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Auguste Rodin (1840 -1917)
Pen and black ink, brown ink wash on paper
H. 25.4 cm ; W. 18.7 cm
Marcel Guérin Bequest, 1948.
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Most of the drawings Rodin made in relation to his sculptures were not preparatory sketches, but drawings made after the sculptures once finished, generally as illustrations for a book or magazine article.This is the case here, since the present drawing, which borrows the pose of the sculpture Eve, dating from 1881,was initially meant to illustrate Émile Bergerat’s Enguerrande,but would eventually be used in 1900 on the frontispiece of Victor Émile Michelet’s Contes Surhumains.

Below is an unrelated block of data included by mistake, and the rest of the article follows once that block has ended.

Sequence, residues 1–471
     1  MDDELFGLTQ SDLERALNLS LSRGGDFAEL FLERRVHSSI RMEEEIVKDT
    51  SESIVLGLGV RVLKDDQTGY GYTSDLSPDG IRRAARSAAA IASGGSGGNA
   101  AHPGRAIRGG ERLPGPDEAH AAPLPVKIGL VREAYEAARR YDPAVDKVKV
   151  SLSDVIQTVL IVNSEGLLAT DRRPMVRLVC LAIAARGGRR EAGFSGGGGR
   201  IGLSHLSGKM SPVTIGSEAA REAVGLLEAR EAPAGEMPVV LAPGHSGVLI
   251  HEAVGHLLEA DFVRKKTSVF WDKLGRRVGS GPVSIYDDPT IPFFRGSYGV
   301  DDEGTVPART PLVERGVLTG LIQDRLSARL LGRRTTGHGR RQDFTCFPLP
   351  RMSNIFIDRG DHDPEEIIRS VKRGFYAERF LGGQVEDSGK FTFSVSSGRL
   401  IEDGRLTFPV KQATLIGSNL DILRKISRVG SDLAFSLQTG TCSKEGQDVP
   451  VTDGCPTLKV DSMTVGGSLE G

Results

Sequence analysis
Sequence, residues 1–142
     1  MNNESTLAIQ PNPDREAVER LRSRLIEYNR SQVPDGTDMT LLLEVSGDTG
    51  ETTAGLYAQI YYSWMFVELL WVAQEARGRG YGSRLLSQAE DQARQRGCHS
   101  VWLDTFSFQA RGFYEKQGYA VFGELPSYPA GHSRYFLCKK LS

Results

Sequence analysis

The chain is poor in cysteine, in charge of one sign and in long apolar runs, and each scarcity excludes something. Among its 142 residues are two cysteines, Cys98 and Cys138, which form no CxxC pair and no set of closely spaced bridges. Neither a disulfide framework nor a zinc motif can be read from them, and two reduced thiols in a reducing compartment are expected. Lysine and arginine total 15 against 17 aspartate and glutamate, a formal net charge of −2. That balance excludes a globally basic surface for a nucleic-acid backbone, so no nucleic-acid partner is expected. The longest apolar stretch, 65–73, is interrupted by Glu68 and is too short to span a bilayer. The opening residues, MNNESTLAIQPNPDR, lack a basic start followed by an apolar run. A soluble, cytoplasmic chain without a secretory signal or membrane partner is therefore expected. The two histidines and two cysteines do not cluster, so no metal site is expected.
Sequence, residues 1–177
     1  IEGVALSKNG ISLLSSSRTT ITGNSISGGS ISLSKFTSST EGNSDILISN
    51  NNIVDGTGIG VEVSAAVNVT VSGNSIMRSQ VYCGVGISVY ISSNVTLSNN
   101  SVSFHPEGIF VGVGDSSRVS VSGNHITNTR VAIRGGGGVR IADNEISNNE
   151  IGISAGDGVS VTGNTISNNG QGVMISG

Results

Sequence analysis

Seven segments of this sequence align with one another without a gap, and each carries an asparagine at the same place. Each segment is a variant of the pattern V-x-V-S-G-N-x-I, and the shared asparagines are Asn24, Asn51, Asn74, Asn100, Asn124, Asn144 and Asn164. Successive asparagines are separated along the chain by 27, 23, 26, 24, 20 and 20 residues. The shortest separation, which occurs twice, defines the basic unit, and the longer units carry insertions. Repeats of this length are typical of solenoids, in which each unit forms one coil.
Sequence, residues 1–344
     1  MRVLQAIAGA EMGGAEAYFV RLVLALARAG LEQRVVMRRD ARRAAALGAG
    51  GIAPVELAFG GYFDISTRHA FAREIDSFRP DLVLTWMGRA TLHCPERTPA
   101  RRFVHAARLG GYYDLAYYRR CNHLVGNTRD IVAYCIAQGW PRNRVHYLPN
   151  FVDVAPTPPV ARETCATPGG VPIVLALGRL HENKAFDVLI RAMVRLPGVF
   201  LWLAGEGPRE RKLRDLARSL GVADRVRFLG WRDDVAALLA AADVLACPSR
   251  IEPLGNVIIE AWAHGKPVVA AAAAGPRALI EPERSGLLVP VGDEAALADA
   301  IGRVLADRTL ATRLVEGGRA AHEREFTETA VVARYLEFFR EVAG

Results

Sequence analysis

When he made drawings after his sculptures, Rodin used a network of more or less dense hatchings that carved out light and shade in a manner borrowed from engraving. The patches of ink and areas where it has run, like the highly emphatic hatchings around the figure and on the arm and head of Eve, create a very Rembrandtesque chiaroscuro. The woman’s face is hidden in shadow, whereas the light seems to concentrate on her rounded belly. In this drawing, Eve, the faceless sinner, becomes the “bearer” of future humanity.